www.springer.com/978-0-387-74073-7 Each chapter includes a photo and short
biography of people who have made major contributions to this literature.
I think it is important to recognize and learn from people who came before us
and made substantial contributions to science.
This is not an introductory text as I assume a basic knowledge of statistics,
the ability to conceptualize science hypotheses (Hi), represent these
by mathematical models (gi), obtain estimates of model parameters (q),
their sampling covariance matrix (Σ), goodness-of-fit tests, and residual
analysis. Given this backdrop, new and deeper questions can be asked and
answers quantified effectively and simply. I believe this material is fun
and exciting if you are a scientist who is serious about advanced work on
problems where there are substantial stochasticities and complexities.
The material is very broad, but I say less about models for multivariate
responses and random effects (as opposed to so-called fixed effects) models.
Many people in the life sciences leave graduate programs with little or no
exposure to quantitative thinking and methods and this is an increasingly serious
issue, limiting both their contributions to science and their career growth. Many
PhD-level people lack any working knowledge of calculus, statistics, matrix
algebra, computer programming, numerical methods, and modeling. Some people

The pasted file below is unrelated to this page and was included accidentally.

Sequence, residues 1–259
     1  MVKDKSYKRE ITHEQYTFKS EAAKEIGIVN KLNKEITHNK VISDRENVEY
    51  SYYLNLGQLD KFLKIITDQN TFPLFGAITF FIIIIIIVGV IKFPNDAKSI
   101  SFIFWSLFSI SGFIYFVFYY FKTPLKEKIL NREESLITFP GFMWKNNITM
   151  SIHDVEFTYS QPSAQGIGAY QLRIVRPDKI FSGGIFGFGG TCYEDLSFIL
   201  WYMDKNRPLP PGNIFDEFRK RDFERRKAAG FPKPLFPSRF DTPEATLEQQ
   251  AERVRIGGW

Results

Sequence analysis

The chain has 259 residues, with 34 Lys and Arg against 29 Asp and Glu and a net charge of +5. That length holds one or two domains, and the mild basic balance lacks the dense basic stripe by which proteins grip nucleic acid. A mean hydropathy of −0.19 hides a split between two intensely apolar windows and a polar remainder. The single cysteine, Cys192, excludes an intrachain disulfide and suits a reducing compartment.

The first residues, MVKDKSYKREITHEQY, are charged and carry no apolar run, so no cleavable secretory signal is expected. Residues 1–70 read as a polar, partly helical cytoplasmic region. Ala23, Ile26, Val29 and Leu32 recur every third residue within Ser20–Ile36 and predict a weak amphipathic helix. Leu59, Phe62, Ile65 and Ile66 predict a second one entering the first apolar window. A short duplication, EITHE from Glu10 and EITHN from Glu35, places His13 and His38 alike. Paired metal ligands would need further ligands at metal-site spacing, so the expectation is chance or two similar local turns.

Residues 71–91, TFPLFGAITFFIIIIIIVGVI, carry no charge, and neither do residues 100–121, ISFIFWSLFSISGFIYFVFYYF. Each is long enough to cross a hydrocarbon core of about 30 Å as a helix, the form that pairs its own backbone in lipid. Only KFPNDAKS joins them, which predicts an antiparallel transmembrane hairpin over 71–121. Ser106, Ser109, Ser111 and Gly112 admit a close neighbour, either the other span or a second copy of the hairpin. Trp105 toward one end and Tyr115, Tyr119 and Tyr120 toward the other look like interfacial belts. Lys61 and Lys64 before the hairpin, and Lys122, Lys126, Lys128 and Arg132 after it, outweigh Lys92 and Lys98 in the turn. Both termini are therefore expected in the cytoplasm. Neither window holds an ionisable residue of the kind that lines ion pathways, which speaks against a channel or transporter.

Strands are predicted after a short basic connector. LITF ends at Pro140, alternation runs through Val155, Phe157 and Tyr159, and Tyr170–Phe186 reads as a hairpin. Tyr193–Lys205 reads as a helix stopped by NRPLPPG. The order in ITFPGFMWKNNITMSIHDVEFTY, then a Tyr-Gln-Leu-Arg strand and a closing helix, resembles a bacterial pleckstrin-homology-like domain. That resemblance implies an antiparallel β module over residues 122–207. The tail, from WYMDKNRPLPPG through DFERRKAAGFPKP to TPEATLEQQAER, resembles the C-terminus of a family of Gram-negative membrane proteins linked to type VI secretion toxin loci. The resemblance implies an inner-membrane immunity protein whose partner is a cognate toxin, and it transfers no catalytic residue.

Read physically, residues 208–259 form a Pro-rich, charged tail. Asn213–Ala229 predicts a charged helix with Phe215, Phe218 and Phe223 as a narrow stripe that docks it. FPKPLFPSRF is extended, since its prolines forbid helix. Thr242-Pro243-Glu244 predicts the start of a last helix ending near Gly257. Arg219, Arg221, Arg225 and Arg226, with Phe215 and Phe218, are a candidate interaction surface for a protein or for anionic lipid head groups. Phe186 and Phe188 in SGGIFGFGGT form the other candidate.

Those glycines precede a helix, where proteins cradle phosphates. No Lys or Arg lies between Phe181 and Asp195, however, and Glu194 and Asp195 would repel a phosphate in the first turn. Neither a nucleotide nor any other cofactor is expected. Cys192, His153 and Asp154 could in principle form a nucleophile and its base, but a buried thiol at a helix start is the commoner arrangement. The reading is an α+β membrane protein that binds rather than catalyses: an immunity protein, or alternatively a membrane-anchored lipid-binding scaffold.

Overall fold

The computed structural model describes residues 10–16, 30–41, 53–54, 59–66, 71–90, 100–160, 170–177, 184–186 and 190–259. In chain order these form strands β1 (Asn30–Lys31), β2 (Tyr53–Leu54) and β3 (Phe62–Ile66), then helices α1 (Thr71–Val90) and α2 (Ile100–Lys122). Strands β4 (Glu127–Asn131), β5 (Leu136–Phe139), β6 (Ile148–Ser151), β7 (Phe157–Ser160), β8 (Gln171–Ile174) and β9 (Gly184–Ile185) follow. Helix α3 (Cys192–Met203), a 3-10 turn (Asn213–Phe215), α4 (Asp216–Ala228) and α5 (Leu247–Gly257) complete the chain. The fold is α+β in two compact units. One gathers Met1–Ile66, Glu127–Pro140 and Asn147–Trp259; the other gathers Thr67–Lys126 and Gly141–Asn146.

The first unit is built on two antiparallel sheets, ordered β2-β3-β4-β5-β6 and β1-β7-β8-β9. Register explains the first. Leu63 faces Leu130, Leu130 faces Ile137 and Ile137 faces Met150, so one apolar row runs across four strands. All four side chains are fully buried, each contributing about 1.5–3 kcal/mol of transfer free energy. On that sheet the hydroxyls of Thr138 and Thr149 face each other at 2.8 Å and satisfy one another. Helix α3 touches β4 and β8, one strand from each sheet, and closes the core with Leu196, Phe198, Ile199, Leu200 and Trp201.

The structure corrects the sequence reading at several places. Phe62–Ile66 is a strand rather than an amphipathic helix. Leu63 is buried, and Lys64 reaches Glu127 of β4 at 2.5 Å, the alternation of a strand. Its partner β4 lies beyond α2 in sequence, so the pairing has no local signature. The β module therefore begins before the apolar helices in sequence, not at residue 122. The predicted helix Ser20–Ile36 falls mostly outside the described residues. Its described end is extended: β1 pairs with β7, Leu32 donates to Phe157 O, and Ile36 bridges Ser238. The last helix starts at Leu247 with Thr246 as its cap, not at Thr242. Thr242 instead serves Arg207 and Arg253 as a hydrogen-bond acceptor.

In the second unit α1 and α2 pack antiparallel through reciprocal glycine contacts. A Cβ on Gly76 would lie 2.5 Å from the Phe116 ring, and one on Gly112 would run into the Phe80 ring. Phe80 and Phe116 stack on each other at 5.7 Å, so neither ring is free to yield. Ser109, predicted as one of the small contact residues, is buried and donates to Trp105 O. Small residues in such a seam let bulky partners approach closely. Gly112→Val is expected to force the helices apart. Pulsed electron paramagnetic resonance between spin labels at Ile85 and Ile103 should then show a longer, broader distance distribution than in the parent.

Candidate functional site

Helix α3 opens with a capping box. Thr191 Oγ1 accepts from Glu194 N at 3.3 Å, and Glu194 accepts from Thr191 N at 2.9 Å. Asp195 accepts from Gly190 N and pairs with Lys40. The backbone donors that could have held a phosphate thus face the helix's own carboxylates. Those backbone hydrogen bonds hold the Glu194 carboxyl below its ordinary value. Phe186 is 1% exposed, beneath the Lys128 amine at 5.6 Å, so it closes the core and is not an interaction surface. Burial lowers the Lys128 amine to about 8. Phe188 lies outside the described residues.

think that is why they are in biology – “because then I don’t have to learn that
quantitative stuff.” I can certainly understand the sentiment; however, there are
ample reasons to reconsider, even later in life. Quantification becomes essential
in real world problems as a science matures in a given discipline.
In a sense, undergraduate students are taught a small fraction of material
that is already known in their field and associated disciplines. People need this
background information. Graduate work is quite different (or should be), as
students are taught effective philosophies and methods to help them learn how
to understand things new to their field of science. First one wants to know the
current “edge” of knowledge on some issue. Second, one wants to push that
edge further as new things are learned from the science process. These are
things that cannot be found in a book or on the Internet; the discovery of new
things – this is what science is all about. Good undergraduate programs try to